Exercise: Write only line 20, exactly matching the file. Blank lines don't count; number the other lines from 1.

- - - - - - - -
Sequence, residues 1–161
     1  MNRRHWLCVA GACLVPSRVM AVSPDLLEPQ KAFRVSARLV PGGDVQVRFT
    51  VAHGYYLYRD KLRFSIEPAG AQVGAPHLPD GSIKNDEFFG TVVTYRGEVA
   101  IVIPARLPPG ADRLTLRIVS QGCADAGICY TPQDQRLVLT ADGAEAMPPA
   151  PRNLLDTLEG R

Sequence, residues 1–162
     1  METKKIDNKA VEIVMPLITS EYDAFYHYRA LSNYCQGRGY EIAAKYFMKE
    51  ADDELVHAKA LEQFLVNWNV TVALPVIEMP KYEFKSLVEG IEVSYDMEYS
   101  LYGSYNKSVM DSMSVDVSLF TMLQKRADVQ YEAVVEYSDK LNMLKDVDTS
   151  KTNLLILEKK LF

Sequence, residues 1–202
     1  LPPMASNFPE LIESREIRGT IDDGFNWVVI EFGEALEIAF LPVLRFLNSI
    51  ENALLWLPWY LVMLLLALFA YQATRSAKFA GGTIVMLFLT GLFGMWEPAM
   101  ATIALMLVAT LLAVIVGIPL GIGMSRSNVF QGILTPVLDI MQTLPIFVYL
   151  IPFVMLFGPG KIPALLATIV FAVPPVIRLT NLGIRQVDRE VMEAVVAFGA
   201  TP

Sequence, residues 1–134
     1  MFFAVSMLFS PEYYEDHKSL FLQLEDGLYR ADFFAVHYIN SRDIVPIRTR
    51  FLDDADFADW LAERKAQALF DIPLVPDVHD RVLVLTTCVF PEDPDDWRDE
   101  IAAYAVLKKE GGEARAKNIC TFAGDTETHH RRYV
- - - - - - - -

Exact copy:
   101  IAAYAVLKKE GGEARAKNIC TFAGDTETHH RRYV